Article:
Romans 6:11 (NKJV) Likewise, you also, reckon yourselves to be dead indeed to sin, but alive to God in Christ Jesus our Lord.
So, what does it mean to “reckon yourself to be dead indeed to sin?” Many translations render this phrase “consider yourself to be dead,” but what does that look like?
Another good word for “reckon” is “believe.” We must believe that we are dead to sin. But that is not the end of the verse. We must also reckon (believe) that we are alive to God in Christ Jesus. It means we need to stop judging and thinking of ourselves as “sinners” and start believing and thinking of ourselves as forgiven, redeemed sons and daughters of God. The problem is, thinking and believing do not change automatically; they are changed by what we continually look at and meditate on.
Without daily intimacy with the Lord and continual exposure to His living word, we will stay focused on our failures and shortcomings, never actually becoming all Jesus paid for us to be. Reading and hearing the word of God, fellowship with other believers, and listening to good preaching are all good things. However, nothing will transform us faster than spending time with God when no one else is looking. Intimacy is where the most extraordinary transformation takes place. It is where grace has its perfect work.
Intimacy with the Father builds faith, dispels doubt, and corrects wrong thinking. Beholding Him and His glory shapes our perspectives, confirming and strengthening our identity by changing how we see Him.
The Bible says that “out of the abundance of the heart the mouth speaks.” (Luke 6:45 Matthew 12:33-37)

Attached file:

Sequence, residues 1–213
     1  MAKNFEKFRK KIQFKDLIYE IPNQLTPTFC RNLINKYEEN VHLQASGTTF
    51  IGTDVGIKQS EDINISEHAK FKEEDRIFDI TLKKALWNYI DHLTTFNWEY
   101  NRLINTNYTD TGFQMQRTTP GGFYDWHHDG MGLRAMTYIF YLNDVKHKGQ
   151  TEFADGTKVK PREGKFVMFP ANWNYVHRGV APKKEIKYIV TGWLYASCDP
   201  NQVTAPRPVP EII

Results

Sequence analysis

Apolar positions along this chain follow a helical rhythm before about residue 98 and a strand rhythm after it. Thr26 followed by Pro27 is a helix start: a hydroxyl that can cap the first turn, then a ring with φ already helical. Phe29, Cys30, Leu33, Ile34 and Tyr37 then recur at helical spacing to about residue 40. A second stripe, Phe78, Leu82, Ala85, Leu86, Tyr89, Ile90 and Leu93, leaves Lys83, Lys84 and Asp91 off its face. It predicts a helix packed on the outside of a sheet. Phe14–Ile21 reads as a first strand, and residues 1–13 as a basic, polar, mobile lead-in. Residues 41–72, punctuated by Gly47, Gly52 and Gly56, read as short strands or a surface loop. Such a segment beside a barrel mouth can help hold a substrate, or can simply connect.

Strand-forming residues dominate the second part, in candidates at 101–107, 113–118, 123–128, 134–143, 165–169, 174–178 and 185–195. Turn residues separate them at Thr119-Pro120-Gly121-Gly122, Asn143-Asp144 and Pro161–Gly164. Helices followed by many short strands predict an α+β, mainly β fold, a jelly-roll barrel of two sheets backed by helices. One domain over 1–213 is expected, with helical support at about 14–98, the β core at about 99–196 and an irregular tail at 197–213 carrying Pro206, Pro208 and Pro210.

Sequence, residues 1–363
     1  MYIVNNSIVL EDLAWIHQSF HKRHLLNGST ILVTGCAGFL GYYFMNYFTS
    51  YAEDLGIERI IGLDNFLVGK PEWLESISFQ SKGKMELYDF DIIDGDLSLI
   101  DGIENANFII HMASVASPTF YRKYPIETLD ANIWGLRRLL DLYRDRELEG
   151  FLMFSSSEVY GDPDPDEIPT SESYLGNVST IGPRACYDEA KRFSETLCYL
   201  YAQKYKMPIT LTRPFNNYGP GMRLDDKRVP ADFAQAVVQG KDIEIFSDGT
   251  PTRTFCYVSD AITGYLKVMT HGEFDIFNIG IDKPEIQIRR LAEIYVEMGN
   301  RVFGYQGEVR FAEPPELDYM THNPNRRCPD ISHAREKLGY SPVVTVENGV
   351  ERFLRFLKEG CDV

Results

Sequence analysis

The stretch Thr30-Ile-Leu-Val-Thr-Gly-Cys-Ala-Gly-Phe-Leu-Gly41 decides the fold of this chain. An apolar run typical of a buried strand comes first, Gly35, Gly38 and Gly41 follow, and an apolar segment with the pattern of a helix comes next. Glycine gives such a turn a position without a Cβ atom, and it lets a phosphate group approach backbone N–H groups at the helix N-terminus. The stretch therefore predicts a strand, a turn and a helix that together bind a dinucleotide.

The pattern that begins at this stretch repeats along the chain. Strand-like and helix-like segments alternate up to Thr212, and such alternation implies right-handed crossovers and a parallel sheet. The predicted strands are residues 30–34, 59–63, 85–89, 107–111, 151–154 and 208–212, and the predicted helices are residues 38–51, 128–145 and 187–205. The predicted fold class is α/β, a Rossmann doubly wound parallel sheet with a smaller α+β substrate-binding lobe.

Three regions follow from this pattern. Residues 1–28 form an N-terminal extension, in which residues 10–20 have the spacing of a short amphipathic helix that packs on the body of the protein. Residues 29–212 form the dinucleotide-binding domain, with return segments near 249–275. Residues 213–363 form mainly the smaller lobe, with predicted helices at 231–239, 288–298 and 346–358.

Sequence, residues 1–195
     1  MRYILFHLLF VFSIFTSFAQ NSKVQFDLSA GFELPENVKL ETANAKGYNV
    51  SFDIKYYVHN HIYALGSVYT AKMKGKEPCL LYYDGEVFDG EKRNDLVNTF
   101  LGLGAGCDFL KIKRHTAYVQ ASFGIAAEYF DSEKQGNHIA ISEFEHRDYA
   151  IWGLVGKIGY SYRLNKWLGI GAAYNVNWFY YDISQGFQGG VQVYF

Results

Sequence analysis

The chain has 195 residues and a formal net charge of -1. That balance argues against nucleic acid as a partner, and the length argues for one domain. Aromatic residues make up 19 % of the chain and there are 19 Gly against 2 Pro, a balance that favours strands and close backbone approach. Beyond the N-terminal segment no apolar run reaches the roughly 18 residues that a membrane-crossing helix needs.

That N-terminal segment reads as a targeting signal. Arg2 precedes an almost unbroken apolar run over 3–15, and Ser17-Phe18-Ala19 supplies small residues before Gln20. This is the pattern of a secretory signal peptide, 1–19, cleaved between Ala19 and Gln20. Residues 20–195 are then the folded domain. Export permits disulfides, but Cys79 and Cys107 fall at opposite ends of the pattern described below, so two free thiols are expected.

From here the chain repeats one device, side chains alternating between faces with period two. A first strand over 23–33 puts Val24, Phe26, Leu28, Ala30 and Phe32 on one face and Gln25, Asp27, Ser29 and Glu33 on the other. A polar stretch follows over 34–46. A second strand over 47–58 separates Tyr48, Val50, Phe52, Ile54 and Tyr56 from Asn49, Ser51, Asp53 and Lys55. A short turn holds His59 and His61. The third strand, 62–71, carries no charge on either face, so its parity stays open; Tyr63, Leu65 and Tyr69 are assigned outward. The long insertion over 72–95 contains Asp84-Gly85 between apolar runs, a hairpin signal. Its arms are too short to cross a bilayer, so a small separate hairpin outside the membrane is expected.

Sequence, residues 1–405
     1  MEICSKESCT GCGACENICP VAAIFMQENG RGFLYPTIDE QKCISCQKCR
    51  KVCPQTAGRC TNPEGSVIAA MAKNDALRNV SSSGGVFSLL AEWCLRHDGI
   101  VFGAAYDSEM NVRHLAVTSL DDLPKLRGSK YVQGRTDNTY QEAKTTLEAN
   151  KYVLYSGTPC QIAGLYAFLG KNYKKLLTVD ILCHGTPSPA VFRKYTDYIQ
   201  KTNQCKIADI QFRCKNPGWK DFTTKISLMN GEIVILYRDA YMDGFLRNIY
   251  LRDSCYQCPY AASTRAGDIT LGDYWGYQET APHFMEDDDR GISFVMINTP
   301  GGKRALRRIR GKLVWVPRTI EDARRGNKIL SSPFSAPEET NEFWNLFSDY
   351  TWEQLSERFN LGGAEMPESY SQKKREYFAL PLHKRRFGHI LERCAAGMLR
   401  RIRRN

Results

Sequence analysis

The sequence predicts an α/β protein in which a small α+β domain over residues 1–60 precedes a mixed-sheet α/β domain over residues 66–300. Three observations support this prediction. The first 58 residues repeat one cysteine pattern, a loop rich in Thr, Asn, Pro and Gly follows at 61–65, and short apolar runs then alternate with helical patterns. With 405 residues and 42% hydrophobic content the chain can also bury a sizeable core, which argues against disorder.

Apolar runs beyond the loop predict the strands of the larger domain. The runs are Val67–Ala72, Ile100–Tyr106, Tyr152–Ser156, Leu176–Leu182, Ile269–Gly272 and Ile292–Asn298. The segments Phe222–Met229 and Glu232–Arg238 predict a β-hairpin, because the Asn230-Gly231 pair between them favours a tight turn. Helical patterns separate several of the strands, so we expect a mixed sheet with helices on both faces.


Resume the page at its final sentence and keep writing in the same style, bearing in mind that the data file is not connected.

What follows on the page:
What is in our hearts and minds (believer and thinker) will eventually come out of our mouths, and that is the other thing that must change.
We will never be free from sin while allowing it to reside in our thought life and keeping it in our conversations.
We must not talk about how normal it is for us to sin. Saying things like, “We all sin, everybody sins, we are always going to sin,” strengthens a sin consciousness and reinforces the strongholds of wrong thinking and wrong believing.
There is a time and place to confess our sins and weaknesses to others for needed ministry, restoration, and accountability. However, filling our prayer life with wrong declarations of our sinful and unworthy nature is counterproductive and anti-finished work. That is not humility; it is blasphemy. He made us worthy.
Talking and thinking that way is “reckoning” ourselves alive to sin. It is saying in our hearts that sin still has power over us and therefore suggests that the finished work of Jesus did not accomplish anything.
Sin only has power over us when we empower it.
If we miss it and sin, run to God in prayer and declare.
“Lord, I thank you for your mercy. I am sorry; that is no longer who I am Lord. That is certainly not what You look like in me. Thank you for making me clean and transforming me into your image. Thank you for perfecting your work in me and bringing me to the place where this is not an issue anymore. I am so thankful that you don’t see me as dirty or unworthy. Thank you for redeeming me. I so appreciate your work in my life, thank you for Fathering me.”
You won’t pray like that without a healthy understanding of who you are in Christ. Spend some time with Him alone today.
Quoted from the book, The Spiritual Warfare Manifesto
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